Higher education institutions (HEIs) can contribute to the eradication of hunger. For example, they can help train the next generation of professionals in food production, nutrition and food policy. From agricultural engineers to biotechnology researchers, and professionals of animal husbandry and fishing industries, higher education graduates must be able to integrate sustainability into their respective fields. Through their research, HEIs can find more sustainable and resilient food production methods, and must be able to transfer knowledge to those working in these fields, from local farmers to governments or agrifood industry professionals. Internally, HEIs must ensure that students and staff access affordable food, while minimizing food waste and prioritizing sustainably produced food in the campus restaurants. Higher education institutions (HEIs) can contribute to everyone’s health and wellbeing. For example, they can train key professionals in healthcare, from medicine and nursing to psychology, pharmacology or public health. Through their research, HEIs advance the frontiers of these fields and transfer their findings to external stakeholders, from healthcare practitioners to policymakers. Internally, HEIs must ensure that students and staff can access physical and mental healthcare, while promoting healthy lifestyles. Externally, HEIs can advocate for healthcare rights, directly provide healthcare services (as volunteering or as part of experiential learning for students) and offer lifelong learning opportunities, from reskilling healthcare practitioners, to educating the public. Higher education institutions (HEIs) can contribute to quality education for all. For example, they can train the future early childhood, primary and secondary education teachers, pedagogues, specialists and managers. Through their research, HEIs can provide evidence-based insights into pedagogy and education policy. Internally, HEIs must ensure equal access (SDG target 4.3) through student data collection and disaggregation, policies and resources, e.g., to include students with physical and learning disabilities. Externally, HEIs can support education at all levels, from offering lifelong learning opportunities for educators (e.g., on Education for Sustainability, or new pedagogical approaches), to volunteering initiatives supporting schools in disadvantaged communities, or providing bridge courses to higher education graduates who struggle with their transition to tertiary education. Higher education institutions (HEIs) can contribute to gender equality. For example, they can train gender studies specialists and integrate gender equality in the curricula of all students. HEIs can also research gender-based inequalities, promote gender balance within their researchers, and integrate a gender perspective in all research. Internally, HEIs must not only ban gender-based discrimination, but also ensure that students and staff are safe from sexual harassment, abuse or violence. This requires dedicated policies, reporting and investigation protocols and resources. HEIs must also provide paid maternity and paternity leaves for staff, as well as affordable childcare services. Externally, HEIs can transfer knowledge and raise awareness on gender-specific issues (to specialists and the public), as well as advocate for women’s rights. Higher education institutions (HEIs) can contribute to clean water and sanitation. For example, they can train future professionals in water, sanitation and hygiene (WASH), and integrate sustainability in WASH programs. HEIs can also research WASH-related topics from multiple perspectives, from civil engineering to infrastructure management, socioeconomic factors or public health, as well as transferring their knowledge to businesses, governments and communities. Internally, HEIs need to ensure efficient and sustainable water consumption on campus, as well as adequate wastewater treatment, preventing chemical or biological pollution. Externally, HEIs can provide lifelong learning opportunities on WASH to professionals, community leaders and activists. HEIs can also advocate for the right to safe drinking water, access to sanitation and sustainable water management. Higher education institutions (HEIs) can contribute to affordable and clean energy. For example, they can train future professionals in energy generation, distribution and management, integrating sustainability into their curricula. HEIs can also research these topics from multiple perspectives, from engineering to physics, chemistry, economics, green energy policies and policies against energy poverty. Internally, HEIs must advance towards 100% clean energy consumption, which can include in-campus generation of renewable energy, with timebound targets and implementation plans. Externally, HEIs can provide lifelong learning opportunities to energy professionals and the public. HEIs can also transfer knowledge on clean energy generation and applications to industry partners or governments, and support the incubation and acceleration of clean energy start-ups. Higher education institutions (HEIs) can contribute to decent work and economic growth. For example, they can integrate sustainability into economics, business, and finances programs, as well as train specialists in labour law and labour market policies. HEIs can also research these topics and offer industrial doctoral programs. Internally, HEIs must ensure decent working conditions for all staff, including workers of subcontractors. HEIs can link students with professional opportunities (e.g., through career centers, dual education programs, or credit-awarding internships). HEIs should also support student start-ups and staff spin-offs. Externally, HEIs can provide reskilling and upskilling courses on topics with high demand in the labour market, as well as entrepreneurship skills. HEIs can also engage with local small or micro businesses. Higher education institutions (HEIs) can contribute to industry, innovation, and infrastructure. For example, they can train future professionals in sustainable innovation and industry, or sustainable infrastructure. HEIs can also research these topics from multiple perspectives, from circular economy to civil engineering or industrial policy, and dedicate resources to promote research engagement and temporary researchers’ mobility with industry partners. Internally, HEIs can invite industry representatives to join advisory bodies, or support curriculum design and delivery in programs related to their sectors. Externally, HEIs can offer lifelong learning opportunities to industry and government professionals. HEIs can also create dedicated offices for knowledge and technology transfer, and for supporting the creation of innovation-based sustainable businesses among students and staff. Higher education institutions (HEIs) can contribute to reduce inequalities. For example, they can integrate the study of inequalities within a wide range of programs, on areas such as social sciences, humanities, health or urban planning, as well as creating courses that dive deeper into their causes and consequences on each area. HEIs can also research topics that relate to this SDG, such as social or economic inequalities, discrimination, fiscal and financial regulation, international aid or migration. Internally, HEIs must have a clear and enforceable non-discrimination policy on both staff and students. Externally, HEIs can provide lifelong learning opportunities on how inequalities can be identified and tackled. HEIs can also transfer knowledge on these issues to governments. Higher education institutions (HEIs) can contribute to the sustainability of cities and communities. For example, they can train professionals in sustainable urban planning, smart cities, urban resilience against climate change, sustainable urban water and waste management, or heritage preservation. HEIs can also research these and other urban issues, such as housing, or urban mobility. Internally, HEIs should provide students with sustainable and affordable commuting options, as well as affordable accommodation. Externally, HEIs can offer lifelong learning opportunities to the local community, allow open access to libraries and other spaces, and engage with local stakeholders on research, curriculum design and delivery, and local volunteering opportunities for students and staff. HEIs can also drive local entrepreneurship through geographies of innovation. Higher education institutions (HEIs) can contribute to responsible consumption and production. For example, they can train specialists in and research on sustainable natural resources management, sustainable materials and production methods, circular economy, sustainable waste management and resource recovery (recycling), sustainable tourism, sustainable procurement, and sustainable supply chains. Internally, HEIs can adopt sustainability standards for their procurement policies, reduce their use of plastic, ban the purchase of single-use plastic items, increase recyclable waste sorted collection, and reduce food waste and water consumption. Externally, HEIs can offer lifelong learning opportunities on SDG 12-related topics to policymakers, professionals, civil society (e.g., consumer associations) or the public, as well as transfer knowledge and operate a repair workshop open to the public. Higher education institutions (HEIs) can contribute to the fight against climate change. For example, they can train specialists in climate change research, mitigation, and adaptation on domains such as energy, transportation, construction, agriculture, forestry, biodiversity, extreme weather events, human migration, etc. HEIs can also integrate the effects of climate change into the curricula of a wide range of traditional programs, such as social sciences, health, architecture, civil engineering, or biology. Internally, HEIs need to set timebound targets and plans to achieve carbon neutrality, with actions such as renovating buildings. Externally, they can offer lifelong learning opportunities on climate change, participate in awareness-raising and advocacy campaigns, build research partnerships with external stakeholders, and transfer knowledge to policymakers or businesses. Higher education institutions (HEIs) can contribute to the preservation of underwater ecosystems. For example, they can train professionals who can integrate sustainability into ocean sciences, oceanography, marine biology, fishing and aquaculture industries, or marine technology. HEIs can also research these and other topics such as marine pollution and plastic debris, ocean acidification, the conservation and restauration of marine and coastal ecosystems, etc. Internally, HEIs must minimize their impact on aquatic ecosystems throughout all their operations, notably by adequately treating polluting waste and water discharges. Externally, they can offer lifelong learning opportunities on sustainable marine resources use or provide external stakeholders with access to facilities and equipment such as laboratory testing and computational power for research. Higher education institutions (HEIs) can contribute to the preservation of land ecosystems. For example, they can train professionals who can integrate sustainability into forestry and agricultural engineering and management, biology and botany, resource extraction, etc. HEIs can also research these and other topics such as desertification and land degradation, trafficking of protected species, etc. Internally, HEIs must minimize their impact on land ecosystems throughout all their operations, including adequate waste management. Externally, they can offer lifelong learning opportunities on sustainable farming, forestry, and tourism, as well as biodiversity preservation, to business owners, civil society groups, policymakers, and the public. HEIs can also facilitate volunteering activities for students and staff on these topics. Higher education institutions (HEIs) can contribute to peace, justice and strong institutions. For example, they can train professionals in law, criminology, public administration, and political science. HEIs can also research topics such as global security, organized crime, corruption, terrorism, international trafficking, children exploitation and abuse, participatory and representative decision-making, post-conflict peace and reconciliation, fundamental rights and freedoms, etc. Internally, HEIs’ advisory or executive bodies should integrate elected representatives of students and staff. HEIs should also recognize academic freedom, ensure physical safety within campus, and enforce policies against corruption and other abuses of authority. Externally, they can offer lifelong learning opportunities on these topics, provide a neutral platform for dialogue and free expression, and participate in advocacy campaigns. Higher education institutions (HEIs) can contribute to SDG 17. For example, they can train professionals on international relations and diplomacy, international cooperation, aid and development, and public finances and taxation. They can also integrate sustainability in the curricula of these programs, as well as in international trade. HEIs can research these topics as well as collecting data on local, national or international progress towards the SDGs. Internally, HEIs can have an international partnerships policy and strategy, an international office and a partnerships or engagement office. Externally, they can offer lifelong learning opportunities on these topics, and participate in South-South, North-South or triangular research, knowledge transfer, teaching or capacity-building partnerships with other HEIs, or external partners.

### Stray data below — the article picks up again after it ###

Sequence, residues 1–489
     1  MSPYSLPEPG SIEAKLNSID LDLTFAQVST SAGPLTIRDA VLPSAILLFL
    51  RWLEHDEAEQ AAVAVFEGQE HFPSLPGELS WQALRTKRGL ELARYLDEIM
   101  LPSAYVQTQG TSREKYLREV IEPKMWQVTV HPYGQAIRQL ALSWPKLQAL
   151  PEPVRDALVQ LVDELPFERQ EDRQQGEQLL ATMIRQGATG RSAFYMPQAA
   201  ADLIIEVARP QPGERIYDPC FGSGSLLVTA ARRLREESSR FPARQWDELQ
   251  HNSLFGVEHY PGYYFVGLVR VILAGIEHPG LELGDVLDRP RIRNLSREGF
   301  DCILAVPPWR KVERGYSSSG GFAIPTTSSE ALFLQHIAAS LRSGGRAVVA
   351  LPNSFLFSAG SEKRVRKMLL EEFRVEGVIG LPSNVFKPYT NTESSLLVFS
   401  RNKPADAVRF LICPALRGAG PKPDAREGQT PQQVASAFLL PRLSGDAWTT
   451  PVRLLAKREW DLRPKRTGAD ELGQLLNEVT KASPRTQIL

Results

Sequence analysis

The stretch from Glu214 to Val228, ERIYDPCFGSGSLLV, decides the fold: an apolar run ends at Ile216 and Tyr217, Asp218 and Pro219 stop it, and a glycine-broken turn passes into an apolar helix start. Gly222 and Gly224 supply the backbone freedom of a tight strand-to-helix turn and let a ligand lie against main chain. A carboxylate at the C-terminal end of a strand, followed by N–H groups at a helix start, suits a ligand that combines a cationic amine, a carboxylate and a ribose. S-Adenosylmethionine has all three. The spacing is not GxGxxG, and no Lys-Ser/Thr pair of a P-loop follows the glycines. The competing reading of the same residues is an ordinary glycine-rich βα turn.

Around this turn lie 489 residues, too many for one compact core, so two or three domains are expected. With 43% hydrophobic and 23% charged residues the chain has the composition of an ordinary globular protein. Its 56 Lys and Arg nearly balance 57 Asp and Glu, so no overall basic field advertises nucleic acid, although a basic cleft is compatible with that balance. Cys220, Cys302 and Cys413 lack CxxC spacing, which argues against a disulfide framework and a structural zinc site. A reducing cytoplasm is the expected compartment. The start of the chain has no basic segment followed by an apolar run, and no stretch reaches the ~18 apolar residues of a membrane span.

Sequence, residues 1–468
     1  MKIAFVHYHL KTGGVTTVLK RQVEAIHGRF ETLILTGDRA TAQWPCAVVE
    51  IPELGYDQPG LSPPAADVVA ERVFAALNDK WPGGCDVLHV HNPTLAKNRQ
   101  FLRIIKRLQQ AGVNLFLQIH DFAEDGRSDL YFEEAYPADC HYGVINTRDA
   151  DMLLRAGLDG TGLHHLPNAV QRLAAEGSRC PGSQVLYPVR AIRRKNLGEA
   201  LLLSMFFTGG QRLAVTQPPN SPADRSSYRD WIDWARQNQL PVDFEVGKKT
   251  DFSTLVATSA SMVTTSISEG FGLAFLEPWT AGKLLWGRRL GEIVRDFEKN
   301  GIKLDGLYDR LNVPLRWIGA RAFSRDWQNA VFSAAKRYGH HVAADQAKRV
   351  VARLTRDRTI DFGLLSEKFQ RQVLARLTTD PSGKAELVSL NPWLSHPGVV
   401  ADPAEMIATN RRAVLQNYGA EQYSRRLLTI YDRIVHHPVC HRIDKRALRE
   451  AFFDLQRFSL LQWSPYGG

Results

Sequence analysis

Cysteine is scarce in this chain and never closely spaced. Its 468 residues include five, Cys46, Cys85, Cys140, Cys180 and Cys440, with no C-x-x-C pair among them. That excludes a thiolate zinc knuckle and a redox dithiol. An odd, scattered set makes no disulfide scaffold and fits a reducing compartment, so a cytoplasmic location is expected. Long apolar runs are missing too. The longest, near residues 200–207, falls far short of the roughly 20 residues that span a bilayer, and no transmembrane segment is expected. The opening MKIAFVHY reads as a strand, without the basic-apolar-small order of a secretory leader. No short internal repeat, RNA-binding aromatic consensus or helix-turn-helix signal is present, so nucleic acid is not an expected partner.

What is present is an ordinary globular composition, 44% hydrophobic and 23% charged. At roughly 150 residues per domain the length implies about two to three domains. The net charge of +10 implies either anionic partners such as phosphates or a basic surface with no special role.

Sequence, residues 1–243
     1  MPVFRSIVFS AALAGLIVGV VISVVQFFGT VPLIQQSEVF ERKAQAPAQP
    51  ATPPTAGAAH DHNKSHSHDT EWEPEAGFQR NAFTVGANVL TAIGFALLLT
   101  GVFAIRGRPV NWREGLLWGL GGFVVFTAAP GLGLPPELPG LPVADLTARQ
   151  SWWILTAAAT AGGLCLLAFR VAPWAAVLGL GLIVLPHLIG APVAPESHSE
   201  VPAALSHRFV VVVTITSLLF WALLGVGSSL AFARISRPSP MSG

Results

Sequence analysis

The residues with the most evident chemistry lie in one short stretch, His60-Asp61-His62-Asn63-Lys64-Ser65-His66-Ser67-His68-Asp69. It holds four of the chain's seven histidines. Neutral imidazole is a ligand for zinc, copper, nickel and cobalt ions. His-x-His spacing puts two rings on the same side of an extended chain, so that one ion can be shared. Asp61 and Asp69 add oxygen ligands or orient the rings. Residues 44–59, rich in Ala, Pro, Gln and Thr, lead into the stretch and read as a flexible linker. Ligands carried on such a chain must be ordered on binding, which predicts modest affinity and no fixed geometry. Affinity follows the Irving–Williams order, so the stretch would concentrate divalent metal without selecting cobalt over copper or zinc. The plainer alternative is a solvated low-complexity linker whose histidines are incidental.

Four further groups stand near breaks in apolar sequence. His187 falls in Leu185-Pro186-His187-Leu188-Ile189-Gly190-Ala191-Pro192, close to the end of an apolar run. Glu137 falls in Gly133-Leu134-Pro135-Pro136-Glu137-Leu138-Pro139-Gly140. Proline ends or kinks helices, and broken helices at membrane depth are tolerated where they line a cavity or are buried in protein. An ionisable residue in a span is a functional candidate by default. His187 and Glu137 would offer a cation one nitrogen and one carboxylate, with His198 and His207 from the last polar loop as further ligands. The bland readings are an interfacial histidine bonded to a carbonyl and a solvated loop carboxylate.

The SET4HEI certification

If you are a higher education institution who excels in the contribution to some of the SDGs and would like to position yourself as a leader in impact to sustainable development, the SET4HEI certification is for you. 

Your performance on the selected SDGs will be rigorously assessed and externally validated by peers and experts in the fields in a process coordinated by UNESCO.  Only certified institutions receive a UNESCO digital badge per each SDG in which they excel plus feedback on areas for improvement. This badge will be a prestigious signal on the activities HEIs undertake on sustainable development. This badge can be embedded in websites, email and communication materials.

For more information click here.  

News

Resources